Is Prosecution or Rehabilitation the Better Response to Home-Grown Terrorist Recruits?

Saturday, May 23, 2015
U.S. Attorney Andrew Luger

A federal prosecutor and judge in Minnesota last week came together on an alternative to incarcerating five Somali-American men who were arrested after they tried to join the Islamic State (IS).


U.S. District Judge Michael Davis agreed to a rehabilitation plan for the men and placement in a halfway house. The prosecutor in the case, U.S. Attorney Andrew Luger, had previously opposed rehabilitation over prison for another Somali-American, Abdullahi Yusuf, who also wanted to join IS. Davis sent Yusuf to a halfway house as well. Luger appears to have had a change of heart however, and hopes to fight the recruitment of young people by IS with programs such as mentoring and job counseling.

The question is whether others in the criminal justice system will make the same switch for homegrown terrorists. The federal government estimates that between 150 and 180 Americans have tried to leave the country and join up with groups fighting in Syria.


Other countries have also tried to rehabilitate prospective or actual terrorists, Justin Salhani wrote at ThinkProgress.


Rohan Gunaratna, head of International Centre for Political Violence and Terrorism Research at the S. Rajaratnam School of International Studies (RSIS) in Singapore who has written extensively on extremist rehabilitation, said governments should give rehabilitation a try.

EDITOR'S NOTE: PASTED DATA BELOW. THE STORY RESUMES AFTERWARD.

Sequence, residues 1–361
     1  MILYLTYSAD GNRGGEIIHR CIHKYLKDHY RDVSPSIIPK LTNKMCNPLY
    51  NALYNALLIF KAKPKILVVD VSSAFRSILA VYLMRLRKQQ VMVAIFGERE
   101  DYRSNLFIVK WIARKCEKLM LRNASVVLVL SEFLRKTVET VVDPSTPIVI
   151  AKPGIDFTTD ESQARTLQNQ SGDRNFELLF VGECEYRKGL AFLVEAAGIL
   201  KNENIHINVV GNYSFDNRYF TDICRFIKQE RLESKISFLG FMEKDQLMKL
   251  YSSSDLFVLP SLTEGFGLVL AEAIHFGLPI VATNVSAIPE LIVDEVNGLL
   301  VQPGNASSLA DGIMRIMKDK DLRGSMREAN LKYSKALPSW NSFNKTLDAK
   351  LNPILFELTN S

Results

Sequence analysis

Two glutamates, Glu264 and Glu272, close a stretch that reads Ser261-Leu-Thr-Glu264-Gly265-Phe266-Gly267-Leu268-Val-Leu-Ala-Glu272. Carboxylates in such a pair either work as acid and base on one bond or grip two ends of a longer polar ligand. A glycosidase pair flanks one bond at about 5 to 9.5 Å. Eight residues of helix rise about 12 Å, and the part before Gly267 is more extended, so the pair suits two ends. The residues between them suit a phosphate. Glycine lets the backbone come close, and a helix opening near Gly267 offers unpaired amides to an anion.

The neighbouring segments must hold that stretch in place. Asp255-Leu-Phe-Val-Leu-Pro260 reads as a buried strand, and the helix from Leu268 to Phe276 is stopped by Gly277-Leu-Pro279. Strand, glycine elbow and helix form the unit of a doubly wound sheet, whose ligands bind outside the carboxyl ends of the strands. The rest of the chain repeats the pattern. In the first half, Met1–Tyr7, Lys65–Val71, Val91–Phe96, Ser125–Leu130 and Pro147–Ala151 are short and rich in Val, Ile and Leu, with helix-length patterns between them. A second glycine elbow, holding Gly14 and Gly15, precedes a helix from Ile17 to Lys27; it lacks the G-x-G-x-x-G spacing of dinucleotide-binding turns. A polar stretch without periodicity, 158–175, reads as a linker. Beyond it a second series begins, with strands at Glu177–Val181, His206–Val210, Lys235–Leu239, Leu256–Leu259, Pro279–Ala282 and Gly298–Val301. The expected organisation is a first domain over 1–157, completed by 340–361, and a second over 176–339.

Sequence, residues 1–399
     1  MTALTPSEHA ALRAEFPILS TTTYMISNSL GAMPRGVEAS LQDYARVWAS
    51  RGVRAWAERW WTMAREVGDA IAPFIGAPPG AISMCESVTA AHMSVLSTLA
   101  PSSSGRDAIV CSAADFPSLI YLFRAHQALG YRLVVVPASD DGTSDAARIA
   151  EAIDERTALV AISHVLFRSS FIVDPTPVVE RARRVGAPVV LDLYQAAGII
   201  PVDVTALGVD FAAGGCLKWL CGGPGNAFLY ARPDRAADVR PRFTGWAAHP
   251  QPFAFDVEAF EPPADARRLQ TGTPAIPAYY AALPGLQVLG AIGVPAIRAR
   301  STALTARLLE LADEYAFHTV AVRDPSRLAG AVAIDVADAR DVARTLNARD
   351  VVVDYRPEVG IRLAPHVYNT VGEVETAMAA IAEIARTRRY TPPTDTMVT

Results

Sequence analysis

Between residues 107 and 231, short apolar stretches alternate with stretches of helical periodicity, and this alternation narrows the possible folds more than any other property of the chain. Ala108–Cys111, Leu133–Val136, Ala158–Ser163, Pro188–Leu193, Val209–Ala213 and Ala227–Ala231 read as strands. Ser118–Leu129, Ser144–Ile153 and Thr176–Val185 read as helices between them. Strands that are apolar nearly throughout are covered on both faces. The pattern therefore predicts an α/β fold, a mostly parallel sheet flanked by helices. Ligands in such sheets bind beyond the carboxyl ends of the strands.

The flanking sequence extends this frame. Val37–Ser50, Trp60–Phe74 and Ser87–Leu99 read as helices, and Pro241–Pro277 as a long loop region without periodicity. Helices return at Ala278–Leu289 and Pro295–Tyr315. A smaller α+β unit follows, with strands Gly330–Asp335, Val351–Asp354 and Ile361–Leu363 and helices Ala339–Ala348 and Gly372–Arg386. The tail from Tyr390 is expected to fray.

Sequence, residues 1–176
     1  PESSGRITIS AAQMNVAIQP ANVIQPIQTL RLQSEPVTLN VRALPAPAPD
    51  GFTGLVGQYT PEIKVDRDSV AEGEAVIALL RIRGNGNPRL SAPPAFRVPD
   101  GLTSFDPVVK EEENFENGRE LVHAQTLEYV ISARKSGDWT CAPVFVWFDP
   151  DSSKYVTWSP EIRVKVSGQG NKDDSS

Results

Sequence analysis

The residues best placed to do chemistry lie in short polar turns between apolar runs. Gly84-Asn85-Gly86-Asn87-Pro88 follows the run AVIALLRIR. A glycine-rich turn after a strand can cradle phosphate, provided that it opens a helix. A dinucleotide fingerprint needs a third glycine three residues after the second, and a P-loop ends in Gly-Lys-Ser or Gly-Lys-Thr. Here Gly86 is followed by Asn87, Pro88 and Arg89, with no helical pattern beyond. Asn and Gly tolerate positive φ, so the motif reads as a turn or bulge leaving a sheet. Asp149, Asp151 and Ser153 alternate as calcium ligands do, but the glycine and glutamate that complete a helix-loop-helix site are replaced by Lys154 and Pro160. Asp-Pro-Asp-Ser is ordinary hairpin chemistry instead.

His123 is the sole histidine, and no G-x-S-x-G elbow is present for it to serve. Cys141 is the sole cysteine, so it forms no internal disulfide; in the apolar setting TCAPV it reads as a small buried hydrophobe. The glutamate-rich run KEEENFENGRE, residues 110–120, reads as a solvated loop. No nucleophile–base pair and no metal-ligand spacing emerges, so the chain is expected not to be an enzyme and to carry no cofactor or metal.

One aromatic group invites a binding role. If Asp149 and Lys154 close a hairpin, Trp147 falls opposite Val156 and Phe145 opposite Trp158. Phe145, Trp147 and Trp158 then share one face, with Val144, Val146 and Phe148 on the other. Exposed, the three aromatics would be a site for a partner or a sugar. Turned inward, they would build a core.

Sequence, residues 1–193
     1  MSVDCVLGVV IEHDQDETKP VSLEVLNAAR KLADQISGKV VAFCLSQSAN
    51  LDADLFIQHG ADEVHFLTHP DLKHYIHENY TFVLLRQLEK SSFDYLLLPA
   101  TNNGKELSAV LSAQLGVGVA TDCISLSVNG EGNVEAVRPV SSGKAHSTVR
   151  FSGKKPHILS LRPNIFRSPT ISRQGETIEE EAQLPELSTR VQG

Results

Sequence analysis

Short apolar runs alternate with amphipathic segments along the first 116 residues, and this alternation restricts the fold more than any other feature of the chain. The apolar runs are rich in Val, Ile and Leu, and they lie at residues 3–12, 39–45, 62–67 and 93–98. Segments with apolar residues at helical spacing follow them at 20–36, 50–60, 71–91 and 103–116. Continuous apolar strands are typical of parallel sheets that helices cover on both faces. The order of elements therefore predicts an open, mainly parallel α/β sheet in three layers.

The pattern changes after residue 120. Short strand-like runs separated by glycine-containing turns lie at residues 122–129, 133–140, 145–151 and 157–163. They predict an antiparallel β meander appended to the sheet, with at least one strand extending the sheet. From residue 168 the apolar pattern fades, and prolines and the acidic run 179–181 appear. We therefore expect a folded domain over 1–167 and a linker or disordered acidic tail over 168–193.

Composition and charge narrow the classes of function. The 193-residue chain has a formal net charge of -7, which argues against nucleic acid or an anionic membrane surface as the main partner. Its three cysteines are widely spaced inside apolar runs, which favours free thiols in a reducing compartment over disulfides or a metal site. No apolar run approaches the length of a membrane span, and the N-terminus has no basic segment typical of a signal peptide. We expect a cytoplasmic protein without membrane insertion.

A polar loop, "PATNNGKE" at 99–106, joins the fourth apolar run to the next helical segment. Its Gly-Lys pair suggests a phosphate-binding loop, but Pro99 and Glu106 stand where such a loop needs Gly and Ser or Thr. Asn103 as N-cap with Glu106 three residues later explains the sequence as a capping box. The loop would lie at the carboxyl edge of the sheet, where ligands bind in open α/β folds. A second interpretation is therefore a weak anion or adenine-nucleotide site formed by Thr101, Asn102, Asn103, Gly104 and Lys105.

“Terrorists are not born, but are products of circumstances. Therefore, it is necessary for governments to invest in soft countermeasures–delegitimising the radical ideology and addressing roots of grievances – along with the kinetic response,” Gunaratna wrote in “Counter Terrorist Trends and Analysis”, a journal published by RSIS, in April. “These soft measures include terrorist rehabilitation and reintegration, community engagement and promoting moderation in beliefs (counter-ideology). In other words, to fight terrorism in the long-term, it is necessary to develop programs to both rehabilitate and reintegrate terrorists and extremists as well as community engagement initiatives to build societal resilience to prevent individuals from joining or supporting terrorist groups.”

-Noel Brinkerhoff


To Learn More:

Judge Sends Terrorist Recruits to Rehabilitation Instead Of Jail (by Justin Salhani, ThinkProgress)

Key Question in MN Terror Case: Can the Radicalized be Rehabilitated? (by Laura Yuen, MPR News)

Deradicalization or Disengagement of Terrorists: Is It Possible? (by Jessica Stern, Hoover Institution, Stanford University) (pdf)

Islamist Terror Threat in U.S. Shifts from Groups to Isolated Individuals (by Matt Bewig, AllGov)


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